A Woman Possessed
by Marilyn Hering

". . . George Lafferty's being more disappointed by ruined silk than by a ruined girl."

The main character, Eleanor O'Bannion, in this exceptional historical novel endures physical, sexual, and emotional abuse from the town union "hero," who is also married to her mother. In the first chapter, she kills him “accidentally,” and the book keeps moving rapidly from there. It describes the plight of turn-of-the-century silk workers as they are worked literally to death by the silk mill owners. Hering skillfully describes how New Jersey silk workers struck, fighting against the silk industry for better wages, working conditions, hours, and safety, just as copper miners were doing in Michigan at the time.

Beyond the factory life, the book delves into the life and times of early 1900s morality. The social norms were rigid. Citizens who didn't follow the dictates were often shamed and shunned. Those successfully keeping any indiscretions secret were consumed by guilt and self-loathing. The times were hard, to say the least. The working class was hungry for food and for hope. Yet for some, there was the possibility of light at the end of life's dark tunnel. As one character, Paddy O'Hara, puts it, "Amidst all the tragedy here, you may think me crazy but I still feel hope." Adding to the overall richness of the story, the novel's protagonists show extreme tenacity, loyalty, and never-ending pursuits of love, happiness, and justice.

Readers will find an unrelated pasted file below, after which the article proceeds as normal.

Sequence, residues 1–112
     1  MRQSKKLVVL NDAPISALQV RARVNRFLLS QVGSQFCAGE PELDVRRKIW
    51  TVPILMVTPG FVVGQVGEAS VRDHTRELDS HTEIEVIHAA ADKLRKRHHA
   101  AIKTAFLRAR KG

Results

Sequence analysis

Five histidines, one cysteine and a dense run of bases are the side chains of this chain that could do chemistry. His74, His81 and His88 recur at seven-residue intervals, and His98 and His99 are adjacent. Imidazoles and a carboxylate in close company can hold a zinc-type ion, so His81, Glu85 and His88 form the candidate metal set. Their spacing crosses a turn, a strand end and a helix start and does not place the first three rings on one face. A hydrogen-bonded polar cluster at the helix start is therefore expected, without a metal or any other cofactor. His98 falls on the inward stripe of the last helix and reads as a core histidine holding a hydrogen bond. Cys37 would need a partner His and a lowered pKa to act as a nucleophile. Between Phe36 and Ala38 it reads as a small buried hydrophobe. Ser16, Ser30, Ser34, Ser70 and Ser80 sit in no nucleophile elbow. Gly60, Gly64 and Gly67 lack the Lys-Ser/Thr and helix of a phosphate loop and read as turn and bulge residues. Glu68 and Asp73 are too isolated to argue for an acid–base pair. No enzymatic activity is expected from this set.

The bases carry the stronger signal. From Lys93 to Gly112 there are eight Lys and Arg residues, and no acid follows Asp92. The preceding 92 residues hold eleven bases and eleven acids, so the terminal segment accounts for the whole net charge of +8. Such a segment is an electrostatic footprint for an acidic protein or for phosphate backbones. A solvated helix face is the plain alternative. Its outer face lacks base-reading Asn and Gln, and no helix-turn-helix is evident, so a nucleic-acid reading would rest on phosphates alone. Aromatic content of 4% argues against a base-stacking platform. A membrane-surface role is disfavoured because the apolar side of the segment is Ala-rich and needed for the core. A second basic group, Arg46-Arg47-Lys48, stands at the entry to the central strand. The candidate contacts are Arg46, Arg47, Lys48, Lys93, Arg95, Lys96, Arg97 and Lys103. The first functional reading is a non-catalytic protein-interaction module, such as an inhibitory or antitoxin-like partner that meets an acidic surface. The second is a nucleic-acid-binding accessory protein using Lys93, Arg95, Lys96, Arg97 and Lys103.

As a writer, Hering is in the same league as acclaimed author Mary Doria Russell. The writing is so good, and the character development so complete, that readers long to know these fictional characters. To finish this book would be disappointing were it not for the other works by Hering to look forward to.

RECOMMENDED by the US Review

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